Today is the one year anniversary of Jeferson's death...or, the one year anniversary of when we buried our friend. I was contemplating this today, looking at an old picture of Jeferson from 2003, his face young and innocent but already sprinkled with smile lines and the marks of a hard life. Opening my Bible, my eyes fell on Psalm 140. I'm including it here as I read it this afternoon, slightly modified:
"Rescue us, O LORD, from evil men; protect us from men of violence, who devise evil plans in their hearts and stir up war every day. They make their tongues as sharp as a serpent's; the poison of vipers is on their lips.
Selah, let us rest in and praise the Lord.
Keep us, O LORD, from the hands of the wicked; protect us from men of violence who plan to trip our feet. Proud men have hidden a snare for us; they have spread out the cords of their net and have set traps for us along our path.
Selah...breathe, for the Lord is good.
O LORD, we say to you, "You are our God." Hear, O LORD, our cry for mercy. O Soverign LORD, our strong deliverer-who sheilds our heads in the day of battle-do not grant the wicked their desires, O LORD: do not let their plans succeed, or they will become proud.
Let the heads of those who surround us be covered with the trouble their lips have caused. Let burning coals fall upon them; may they be thrown into the fire, into miry pits, never to rise. Let slanderers not be established in the land; may disaster hunt down men of violence. We know that the LORD secures justice for the poor and upholds the cause of the needy. Surely the righteous will praise your name and the upright will live before you."
As I read this psalm, I felt as if I was following Jeferson on that fateful day one year ago: entrapped, deceived, led into a massacre. I felt the futility of prayer...cries for mercy, for deliverance, that seemed to be brought to nothing but more senseless violence, evil and death. And I cried, reading for Jeferson a psalm that promised so much...because he was not protected from the hands of the wicked, or shielded from their schemes. Their plans did come to fruiton and they were proud. For a few bitter moments this afternoon, I was angry at God for the supposed promise of these verses, promises that seemed empty.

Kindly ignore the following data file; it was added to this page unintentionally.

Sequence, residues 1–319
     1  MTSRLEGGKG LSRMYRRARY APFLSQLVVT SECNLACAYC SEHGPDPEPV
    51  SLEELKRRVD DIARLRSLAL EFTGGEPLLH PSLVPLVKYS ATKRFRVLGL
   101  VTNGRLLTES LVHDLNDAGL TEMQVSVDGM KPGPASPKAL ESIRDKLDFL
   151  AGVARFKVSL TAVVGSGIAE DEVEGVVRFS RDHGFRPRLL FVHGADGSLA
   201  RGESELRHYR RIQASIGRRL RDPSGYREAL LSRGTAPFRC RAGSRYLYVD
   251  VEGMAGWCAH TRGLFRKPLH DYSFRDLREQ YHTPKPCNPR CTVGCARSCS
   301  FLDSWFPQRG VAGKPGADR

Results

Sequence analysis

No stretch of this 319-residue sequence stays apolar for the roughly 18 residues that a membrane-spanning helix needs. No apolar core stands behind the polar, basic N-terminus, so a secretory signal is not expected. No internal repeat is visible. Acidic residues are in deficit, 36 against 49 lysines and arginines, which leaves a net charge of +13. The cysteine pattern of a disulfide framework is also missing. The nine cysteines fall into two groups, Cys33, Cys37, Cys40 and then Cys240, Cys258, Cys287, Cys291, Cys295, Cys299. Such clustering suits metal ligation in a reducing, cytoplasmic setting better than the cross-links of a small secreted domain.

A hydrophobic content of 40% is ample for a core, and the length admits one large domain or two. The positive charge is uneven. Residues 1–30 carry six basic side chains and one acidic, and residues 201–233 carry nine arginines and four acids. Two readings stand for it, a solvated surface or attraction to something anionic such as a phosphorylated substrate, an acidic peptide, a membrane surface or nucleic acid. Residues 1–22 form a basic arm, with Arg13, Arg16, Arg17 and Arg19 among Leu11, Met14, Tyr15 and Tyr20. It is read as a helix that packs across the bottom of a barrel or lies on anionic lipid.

And then I read the last verse again.
The Lord does secure justice for the poor. But He doesn't say when. Or how.
All of my hopes and desires were pinned on this earth, on the here and now. I wanted to see justice done before my eyes, to see the cause of the needy lifted up in the place where I live, in the place where Jeferson lived, in the places where the poor are gathered. And yet it seemed to me as if God was saying, "No. You're reading the text wrong. Those are David's pleas to Me...protection, rescue, salvation. The promise in this psalm isn't protection from evil or suffering. That's what he wanted. That's what you want. But that's not what I promise you. Sometimes, I'll give you that. But the real promise is that the I AM is with you, that the I AM secures justice, that the upright will LIVE before me. It's in the future tense. It's not about this earth."
Oops. There I go, trying to work God into my comfortable web of manipulations, and I got caught.
But the truth is, reading this psalm with those new lenses makes it more powerful. Our desires for revenge can rest. Our worries can rest. We have the assurance of life before God...not just the short and fleeting life that the wicked scratch out for themselves before returning to dust...
And I rejoice, because I know that somewhere, before God, Jeferson is (or will be, depending on whose interpretation of the afterlife is correct!) worshipping and communing before the face of God. God brought him to his true home before me. And while I'm still sad, I know that sleeping on the streets of heaven has to be incomparably more blessed than sleeping in the grandest mansion here on this scrabbling little planet. Imagining him there, instead of on the dirty streets of Lapa? Joyful beyond words.